Israeli officials hosted eight journalists from Turkey last week for an educational tour aimed at improving understanding between the two nations.
The visit, reported by the Hebrew website Ynet, was an initiative of the Israeli Embassy in Ankara and the Israeli Consulate General in Istanbul.
The members of the delegation visited the al-Aqsa Mosque, Yad Vashem Holocaust Museum and the Knesset, where they met with the chair of the Foreign Affairs and Defense Committee, Knesset Member Ram Ben Barak.
“I was in Gaza three times before, as well as in Jerusalem and Ramallah, but this is the first time I saw the real Israel,” one reporter told the news outlet. “I now see the other side and understand things a little differently.”
The Turkish reporters were briefed by the Israeli Foreign Ministry on relations between the two countries, the Abraham Accords and efforts to counter Iran in the region. In addition, they toured Israel’s northern and southern borders.
The Turkish delegation’s visit to Israel is the latest example of diplomatic efforts to strengthen relations that have been tense since the late 2000s.
Israeli President Isaac Herzog was welcomed in Ankara by Turkey’s President Recep Tayyip Erdoğan in early March. It was the first official visit by an Israeli leader to Turkey since 2008.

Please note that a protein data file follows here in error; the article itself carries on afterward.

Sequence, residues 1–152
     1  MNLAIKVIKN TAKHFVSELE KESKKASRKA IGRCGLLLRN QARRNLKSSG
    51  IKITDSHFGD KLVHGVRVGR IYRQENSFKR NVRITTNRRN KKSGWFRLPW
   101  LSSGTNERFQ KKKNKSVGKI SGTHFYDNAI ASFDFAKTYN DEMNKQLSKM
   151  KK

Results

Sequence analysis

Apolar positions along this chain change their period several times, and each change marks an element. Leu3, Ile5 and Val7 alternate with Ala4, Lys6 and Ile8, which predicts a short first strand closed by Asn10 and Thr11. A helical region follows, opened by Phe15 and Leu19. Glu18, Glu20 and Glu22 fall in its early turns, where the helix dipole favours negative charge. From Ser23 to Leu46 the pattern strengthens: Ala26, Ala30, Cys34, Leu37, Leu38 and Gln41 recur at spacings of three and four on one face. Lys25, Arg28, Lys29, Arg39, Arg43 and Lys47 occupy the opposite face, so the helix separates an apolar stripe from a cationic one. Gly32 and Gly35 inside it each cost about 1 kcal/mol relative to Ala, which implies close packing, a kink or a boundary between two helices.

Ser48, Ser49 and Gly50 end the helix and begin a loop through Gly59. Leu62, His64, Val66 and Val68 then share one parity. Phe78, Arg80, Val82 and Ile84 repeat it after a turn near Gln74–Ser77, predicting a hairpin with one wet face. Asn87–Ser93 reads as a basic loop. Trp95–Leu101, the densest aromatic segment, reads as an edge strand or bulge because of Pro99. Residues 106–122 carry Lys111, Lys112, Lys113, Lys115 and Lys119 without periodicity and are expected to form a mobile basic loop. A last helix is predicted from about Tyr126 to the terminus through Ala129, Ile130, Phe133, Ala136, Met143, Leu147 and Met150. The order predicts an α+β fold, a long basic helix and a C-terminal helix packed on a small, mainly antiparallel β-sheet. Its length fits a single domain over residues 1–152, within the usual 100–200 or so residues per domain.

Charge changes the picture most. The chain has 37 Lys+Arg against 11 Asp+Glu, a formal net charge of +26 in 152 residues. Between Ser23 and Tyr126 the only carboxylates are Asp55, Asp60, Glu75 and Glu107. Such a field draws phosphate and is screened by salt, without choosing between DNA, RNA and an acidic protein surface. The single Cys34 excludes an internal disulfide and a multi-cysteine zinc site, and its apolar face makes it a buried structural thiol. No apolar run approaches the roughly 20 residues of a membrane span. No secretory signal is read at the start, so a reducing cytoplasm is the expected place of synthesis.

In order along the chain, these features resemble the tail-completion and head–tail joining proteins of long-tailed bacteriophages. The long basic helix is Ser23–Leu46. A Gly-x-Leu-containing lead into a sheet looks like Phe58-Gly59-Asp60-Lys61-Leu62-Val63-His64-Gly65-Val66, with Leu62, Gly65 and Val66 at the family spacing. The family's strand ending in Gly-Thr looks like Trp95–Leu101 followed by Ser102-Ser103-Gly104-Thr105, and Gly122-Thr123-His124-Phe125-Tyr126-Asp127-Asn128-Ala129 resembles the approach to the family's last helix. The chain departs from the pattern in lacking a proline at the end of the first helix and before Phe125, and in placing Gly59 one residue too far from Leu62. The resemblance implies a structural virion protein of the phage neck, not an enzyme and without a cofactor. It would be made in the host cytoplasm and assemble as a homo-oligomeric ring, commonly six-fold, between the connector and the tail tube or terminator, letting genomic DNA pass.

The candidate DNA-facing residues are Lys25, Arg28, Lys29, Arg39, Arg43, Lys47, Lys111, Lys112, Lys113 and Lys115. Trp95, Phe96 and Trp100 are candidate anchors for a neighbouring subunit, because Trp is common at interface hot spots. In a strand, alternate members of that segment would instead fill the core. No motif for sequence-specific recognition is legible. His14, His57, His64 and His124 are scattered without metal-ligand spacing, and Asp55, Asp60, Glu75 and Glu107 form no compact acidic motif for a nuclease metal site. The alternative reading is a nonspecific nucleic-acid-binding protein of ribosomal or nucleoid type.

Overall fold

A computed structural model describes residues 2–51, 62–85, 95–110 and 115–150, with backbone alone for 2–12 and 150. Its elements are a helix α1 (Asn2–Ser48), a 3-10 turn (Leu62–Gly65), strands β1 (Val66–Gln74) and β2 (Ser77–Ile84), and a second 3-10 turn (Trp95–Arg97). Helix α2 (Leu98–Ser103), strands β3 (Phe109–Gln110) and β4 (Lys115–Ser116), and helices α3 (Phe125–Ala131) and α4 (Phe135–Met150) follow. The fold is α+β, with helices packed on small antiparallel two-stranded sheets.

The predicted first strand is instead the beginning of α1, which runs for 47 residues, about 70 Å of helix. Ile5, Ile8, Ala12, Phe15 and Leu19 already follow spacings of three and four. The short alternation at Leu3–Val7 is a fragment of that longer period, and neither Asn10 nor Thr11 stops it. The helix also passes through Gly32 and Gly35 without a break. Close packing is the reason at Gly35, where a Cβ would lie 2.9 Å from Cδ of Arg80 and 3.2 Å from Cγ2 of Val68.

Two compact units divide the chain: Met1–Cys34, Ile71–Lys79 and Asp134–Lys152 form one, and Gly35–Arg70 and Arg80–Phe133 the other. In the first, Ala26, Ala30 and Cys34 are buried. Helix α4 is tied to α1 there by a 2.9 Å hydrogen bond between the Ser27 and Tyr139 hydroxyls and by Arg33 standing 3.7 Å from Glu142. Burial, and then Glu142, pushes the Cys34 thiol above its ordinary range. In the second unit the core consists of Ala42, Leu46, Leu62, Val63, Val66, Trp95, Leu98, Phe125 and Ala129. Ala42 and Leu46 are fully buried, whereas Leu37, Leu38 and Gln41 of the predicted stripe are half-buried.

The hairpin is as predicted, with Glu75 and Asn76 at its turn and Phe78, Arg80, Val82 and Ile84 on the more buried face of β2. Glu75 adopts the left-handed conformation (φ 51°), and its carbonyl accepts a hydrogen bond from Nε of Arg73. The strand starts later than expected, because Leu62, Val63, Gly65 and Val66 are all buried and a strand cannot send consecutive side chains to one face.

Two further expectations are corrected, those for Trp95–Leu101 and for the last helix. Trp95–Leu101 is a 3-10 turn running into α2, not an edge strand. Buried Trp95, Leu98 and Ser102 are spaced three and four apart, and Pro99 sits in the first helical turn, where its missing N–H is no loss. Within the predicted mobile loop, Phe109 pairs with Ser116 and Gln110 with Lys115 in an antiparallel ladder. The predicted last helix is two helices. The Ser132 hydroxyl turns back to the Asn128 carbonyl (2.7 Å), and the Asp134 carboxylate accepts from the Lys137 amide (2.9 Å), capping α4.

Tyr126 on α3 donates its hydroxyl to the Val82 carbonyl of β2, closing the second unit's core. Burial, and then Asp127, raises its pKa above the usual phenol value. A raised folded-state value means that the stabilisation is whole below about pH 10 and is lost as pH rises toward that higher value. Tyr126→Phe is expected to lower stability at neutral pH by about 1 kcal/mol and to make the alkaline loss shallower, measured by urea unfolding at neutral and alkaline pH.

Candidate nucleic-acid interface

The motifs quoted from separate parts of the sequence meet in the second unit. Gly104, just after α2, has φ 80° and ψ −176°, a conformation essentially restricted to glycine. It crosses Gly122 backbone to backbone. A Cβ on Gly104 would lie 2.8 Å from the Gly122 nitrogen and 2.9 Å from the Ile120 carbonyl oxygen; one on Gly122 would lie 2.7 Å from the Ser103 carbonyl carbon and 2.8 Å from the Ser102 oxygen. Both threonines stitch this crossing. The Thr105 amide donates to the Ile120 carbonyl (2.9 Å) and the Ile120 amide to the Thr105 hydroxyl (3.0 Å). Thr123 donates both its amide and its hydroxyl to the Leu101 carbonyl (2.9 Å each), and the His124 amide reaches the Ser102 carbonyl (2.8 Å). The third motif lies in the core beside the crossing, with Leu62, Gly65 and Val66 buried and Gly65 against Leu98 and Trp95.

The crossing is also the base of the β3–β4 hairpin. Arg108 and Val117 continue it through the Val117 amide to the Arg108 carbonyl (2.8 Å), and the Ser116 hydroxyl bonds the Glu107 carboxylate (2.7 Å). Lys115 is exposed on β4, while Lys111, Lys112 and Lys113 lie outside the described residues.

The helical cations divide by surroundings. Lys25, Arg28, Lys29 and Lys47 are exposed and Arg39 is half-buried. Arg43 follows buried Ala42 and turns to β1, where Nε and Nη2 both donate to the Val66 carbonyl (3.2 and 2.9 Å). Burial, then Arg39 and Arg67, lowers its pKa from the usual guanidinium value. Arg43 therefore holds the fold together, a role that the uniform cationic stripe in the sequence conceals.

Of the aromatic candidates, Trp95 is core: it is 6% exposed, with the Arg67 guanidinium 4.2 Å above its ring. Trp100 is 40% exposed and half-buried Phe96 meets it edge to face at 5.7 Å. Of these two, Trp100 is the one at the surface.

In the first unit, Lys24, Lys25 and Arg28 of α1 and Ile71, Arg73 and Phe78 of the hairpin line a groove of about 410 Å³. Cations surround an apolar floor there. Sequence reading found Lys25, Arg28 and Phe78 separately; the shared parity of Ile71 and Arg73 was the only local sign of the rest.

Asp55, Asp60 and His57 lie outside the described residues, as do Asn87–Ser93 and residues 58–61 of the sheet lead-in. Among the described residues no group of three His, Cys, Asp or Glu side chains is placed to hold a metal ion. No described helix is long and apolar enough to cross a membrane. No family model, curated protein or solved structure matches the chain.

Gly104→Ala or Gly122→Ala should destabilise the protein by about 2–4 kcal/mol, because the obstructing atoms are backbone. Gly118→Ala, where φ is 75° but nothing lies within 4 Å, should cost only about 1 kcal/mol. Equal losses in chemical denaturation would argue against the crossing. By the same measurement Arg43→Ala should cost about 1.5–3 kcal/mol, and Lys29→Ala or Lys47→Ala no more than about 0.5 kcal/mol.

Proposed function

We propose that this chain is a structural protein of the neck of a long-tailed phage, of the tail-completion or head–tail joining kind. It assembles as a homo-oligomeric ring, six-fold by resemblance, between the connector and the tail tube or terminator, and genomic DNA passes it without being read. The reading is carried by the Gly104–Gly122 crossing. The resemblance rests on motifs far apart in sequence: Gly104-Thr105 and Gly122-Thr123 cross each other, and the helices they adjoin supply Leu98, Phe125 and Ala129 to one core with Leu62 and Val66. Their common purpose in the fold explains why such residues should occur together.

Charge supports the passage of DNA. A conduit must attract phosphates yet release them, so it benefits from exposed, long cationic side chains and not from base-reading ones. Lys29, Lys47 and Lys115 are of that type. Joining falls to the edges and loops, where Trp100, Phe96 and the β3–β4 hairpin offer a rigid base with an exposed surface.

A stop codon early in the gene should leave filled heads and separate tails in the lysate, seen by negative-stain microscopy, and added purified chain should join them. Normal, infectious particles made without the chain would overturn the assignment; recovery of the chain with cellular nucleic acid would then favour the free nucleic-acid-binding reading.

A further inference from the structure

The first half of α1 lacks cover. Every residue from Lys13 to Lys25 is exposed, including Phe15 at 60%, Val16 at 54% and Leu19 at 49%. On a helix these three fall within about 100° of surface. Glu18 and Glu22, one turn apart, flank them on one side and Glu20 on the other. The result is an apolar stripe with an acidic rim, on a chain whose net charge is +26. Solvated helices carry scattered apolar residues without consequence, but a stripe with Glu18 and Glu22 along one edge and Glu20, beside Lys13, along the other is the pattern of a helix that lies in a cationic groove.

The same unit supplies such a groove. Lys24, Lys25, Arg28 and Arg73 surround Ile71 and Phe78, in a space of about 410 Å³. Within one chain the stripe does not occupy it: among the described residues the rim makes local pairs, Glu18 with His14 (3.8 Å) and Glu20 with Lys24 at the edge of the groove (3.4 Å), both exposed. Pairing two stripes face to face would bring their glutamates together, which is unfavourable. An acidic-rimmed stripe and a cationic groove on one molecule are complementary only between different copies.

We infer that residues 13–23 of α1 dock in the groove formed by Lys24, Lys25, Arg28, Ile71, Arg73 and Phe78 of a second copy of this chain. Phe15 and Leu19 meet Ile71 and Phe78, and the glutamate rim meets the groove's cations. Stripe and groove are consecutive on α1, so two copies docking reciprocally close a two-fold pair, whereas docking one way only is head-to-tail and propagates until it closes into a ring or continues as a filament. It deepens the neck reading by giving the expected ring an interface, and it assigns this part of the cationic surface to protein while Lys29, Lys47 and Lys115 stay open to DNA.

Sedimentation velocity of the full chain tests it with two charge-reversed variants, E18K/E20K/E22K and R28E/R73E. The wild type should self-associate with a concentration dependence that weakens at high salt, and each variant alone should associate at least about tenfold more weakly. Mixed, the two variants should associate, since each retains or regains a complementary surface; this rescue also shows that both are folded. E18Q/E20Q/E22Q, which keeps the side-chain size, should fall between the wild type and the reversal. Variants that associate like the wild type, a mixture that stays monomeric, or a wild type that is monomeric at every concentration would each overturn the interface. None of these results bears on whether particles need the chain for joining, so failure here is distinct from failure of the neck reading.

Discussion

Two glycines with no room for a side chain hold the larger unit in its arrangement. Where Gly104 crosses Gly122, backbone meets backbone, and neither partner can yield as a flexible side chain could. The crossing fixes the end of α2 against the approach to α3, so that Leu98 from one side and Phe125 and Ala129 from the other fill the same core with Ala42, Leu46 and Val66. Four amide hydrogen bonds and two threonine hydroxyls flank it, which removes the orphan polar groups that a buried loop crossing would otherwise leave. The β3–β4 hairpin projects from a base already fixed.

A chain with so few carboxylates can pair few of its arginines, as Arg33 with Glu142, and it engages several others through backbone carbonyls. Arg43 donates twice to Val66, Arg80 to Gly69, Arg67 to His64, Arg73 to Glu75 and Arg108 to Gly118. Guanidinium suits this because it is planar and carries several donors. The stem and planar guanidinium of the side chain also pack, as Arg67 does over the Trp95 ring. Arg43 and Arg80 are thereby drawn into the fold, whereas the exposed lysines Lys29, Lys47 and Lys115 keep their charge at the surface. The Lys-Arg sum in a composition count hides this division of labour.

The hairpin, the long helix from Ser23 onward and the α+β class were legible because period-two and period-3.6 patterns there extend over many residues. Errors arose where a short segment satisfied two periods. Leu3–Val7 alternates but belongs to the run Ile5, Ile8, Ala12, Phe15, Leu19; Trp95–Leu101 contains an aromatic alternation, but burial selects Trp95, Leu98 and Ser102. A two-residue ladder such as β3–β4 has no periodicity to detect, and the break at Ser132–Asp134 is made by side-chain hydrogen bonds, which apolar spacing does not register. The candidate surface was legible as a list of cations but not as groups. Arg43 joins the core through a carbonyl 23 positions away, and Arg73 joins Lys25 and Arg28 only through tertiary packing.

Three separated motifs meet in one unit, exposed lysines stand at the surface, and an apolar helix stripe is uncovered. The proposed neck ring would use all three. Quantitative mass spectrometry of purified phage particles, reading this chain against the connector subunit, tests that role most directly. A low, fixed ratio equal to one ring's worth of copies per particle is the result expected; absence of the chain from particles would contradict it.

At the time, Erdoğan said that the two governments wanted to “accelerate and revive the political dialogue between the two countries, based on shared interest and respect to mutual delicacies.”
“Strengthening and developing the ties between Turkey and Israel is highly valuable to our country and to peace in the region,” he said.
Last month, Turkish Foreign Minister Mevlüt Çavuşoğlu met with Israeli Foreign Minister Yair Lapid in Israel.
Many analysts believe that Turkey has turned on the charm because of its current weak economy and Ankara's pragmatic realization that improved ties with the Jewish state are very much in Turkey’s best interests.
For example, Ankara hopes to attract more Israeli tourists. However, in recent weeks there have been several Iranian terror attempts targeting Israelis visiting the country, especially in Istanbul. Israel's Counter-Terrorism Bureau raised the travel warning for Istanbul to Level 4 – the highest level – last week.
The increased threat against Israelis abroad comes after a series of assassinations of Iranian officials that were attributed to Israel.
Ynet reported that the Israeli Foreign Ministry will also be hosting a delegation of Arab journalists based in Europe who write largely for media outlets in the Middle East.
Tal Heinrich is a senior correspondent for both ALL ISRAEL NEWS and ALL ARAB NEWS. She is currently based in New York City. Tal also provides reports and analysis for Israeli Hebrew media Channel 14 News.